Bagdikian, Ben H. The Media Monopoly. 6th ed. Boston: Beacon Press, 2000.
Bagdikian raises concerns about consolidation and the growing power of the media.
Hess, Stephen. Live From Capitol Hill: Studies of Congress and the Media. Washington, D.C.: Brookings, 1991.
Although the president gets most of the media coverage, Congress is not ignored. Hess examines how the media and members of Congress use and help one another.
Jamieson, Kathleen Hall, and Paul Waldman. The Press Effect. New York: Oxford University Press, 2002.
An in-depth, critical examination of the role of the media in American politics.
Kurtz, Howard. Spin Cycle: Inside the Clinton Propaganda Machine. New York: Free Press, 1998.
Kurtz explores the strategies the Clinton Administration used to handle the media.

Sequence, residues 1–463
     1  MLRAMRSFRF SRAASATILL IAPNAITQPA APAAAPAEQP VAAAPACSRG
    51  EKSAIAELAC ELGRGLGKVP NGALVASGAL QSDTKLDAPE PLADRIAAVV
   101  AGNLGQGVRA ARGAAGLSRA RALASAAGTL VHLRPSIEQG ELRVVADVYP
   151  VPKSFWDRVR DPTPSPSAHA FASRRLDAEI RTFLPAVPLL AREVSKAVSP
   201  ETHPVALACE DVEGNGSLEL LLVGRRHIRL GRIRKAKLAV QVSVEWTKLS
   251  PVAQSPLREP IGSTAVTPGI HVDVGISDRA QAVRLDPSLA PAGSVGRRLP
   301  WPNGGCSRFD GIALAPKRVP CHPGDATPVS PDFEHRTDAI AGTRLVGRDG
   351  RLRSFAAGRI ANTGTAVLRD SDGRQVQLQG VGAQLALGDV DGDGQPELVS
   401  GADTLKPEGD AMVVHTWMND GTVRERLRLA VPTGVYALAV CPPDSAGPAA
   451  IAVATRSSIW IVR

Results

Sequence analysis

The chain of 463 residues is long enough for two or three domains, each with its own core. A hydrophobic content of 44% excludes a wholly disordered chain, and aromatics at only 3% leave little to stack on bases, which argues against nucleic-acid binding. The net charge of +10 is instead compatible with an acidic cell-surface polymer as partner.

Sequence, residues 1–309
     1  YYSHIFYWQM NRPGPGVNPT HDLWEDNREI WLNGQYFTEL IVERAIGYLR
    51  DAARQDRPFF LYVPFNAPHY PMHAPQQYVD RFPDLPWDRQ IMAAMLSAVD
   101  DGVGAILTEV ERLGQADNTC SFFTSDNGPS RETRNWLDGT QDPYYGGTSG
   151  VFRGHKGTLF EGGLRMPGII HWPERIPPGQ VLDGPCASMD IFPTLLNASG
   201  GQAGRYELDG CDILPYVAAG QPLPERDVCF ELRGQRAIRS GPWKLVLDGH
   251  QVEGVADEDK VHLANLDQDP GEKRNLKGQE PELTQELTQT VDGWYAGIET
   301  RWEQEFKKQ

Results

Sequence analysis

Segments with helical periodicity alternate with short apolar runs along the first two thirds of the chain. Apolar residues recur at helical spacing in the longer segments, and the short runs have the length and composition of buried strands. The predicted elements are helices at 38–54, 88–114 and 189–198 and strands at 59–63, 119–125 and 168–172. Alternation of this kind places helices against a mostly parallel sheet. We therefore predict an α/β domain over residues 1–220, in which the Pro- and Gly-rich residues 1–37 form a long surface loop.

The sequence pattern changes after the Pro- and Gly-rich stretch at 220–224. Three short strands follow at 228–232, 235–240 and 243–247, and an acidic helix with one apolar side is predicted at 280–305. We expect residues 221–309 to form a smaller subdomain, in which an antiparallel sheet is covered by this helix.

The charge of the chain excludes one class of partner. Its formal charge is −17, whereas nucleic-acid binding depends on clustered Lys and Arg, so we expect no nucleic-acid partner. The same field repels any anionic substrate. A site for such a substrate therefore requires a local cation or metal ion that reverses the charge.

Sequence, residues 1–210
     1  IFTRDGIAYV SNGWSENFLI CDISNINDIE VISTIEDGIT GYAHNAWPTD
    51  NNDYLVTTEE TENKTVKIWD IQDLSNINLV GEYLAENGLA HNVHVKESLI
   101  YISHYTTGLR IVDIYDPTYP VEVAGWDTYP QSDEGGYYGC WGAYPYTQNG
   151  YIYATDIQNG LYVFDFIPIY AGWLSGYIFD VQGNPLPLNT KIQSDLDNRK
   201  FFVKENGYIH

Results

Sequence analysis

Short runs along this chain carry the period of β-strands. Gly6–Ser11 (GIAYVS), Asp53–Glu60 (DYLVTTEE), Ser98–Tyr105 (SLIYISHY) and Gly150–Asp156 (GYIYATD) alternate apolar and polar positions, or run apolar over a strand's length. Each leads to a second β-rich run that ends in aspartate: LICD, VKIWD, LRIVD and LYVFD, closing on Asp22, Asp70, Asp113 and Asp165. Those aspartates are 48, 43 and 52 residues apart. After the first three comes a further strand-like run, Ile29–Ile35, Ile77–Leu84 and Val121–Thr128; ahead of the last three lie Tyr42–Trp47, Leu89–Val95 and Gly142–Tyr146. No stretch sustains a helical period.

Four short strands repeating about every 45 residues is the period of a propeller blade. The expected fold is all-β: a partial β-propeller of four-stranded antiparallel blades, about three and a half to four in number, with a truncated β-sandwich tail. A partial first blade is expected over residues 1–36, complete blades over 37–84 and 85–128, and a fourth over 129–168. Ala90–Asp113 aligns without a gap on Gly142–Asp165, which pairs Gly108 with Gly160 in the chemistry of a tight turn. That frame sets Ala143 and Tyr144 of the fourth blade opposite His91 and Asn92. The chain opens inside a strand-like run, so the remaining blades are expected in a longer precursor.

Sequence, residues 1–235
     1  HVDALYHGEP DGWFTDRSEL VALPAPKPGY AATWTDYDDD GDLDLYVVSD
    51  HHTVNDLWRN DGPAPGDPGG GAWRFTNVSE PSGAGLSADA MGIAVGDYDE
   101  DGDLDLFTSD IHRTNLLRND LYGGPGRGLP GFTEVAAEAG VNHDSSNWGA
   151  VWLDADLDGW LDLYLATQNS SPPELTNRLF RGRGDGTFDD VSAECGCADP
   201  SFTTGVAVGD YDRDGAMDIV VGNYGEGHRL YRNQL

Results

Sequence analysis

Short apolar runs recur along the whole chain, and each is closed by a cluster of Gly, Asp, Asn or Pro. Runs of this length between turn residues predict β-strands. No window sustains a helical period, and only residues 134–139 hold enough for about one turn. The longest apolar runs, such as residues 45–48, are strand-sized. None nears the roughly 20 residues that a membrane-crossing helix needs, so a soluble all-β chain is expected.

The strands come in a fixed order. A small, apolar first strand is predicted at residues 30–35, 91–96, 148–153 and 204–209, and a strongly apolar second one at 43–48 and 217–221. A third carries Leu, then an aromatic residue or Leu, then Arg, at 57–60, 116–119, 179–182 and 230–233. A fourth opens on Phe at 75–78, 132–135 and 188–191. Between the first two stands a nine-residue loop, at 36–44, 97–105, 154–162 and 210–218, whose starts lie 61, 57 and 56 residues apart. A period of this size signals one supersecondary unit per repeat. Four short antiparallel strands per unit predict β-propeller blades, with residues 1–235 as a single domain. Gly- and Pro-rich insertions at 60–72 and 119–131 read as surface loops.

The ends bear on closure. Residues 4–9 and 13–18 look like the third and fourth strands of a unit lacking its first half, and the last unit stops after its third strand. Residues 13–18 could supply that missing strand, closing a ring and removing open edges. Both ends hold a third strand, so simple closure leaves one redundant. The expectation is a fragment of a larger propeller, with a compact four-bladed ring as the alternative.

McLuhan, Marshall. Understanding Media: The Extensions of Man. Reprint, Cambridge, Mass.: MIT Press, 1994.
McLuhan’s best-known work is the source of his statement that the “medium is the message.”
Patterson, Thomas E. Out of Order. New York: Vintage, 1994.
Patterson sharply criticizes the role of the media in elections by arguing that its fascination with the horse race element of campaigns undercuts its abilities to cover the issues.
The Center for Media and Public Affairs is a nonpartisan organization that investigates news coverage for bias.
A site that consolidates stories from many sources, providing links to the original stories for more detail.
The homepage for the Federal Communications Commission includes information on broadcasting regulations.
Media Channel’s website has links to many media sources from around the world.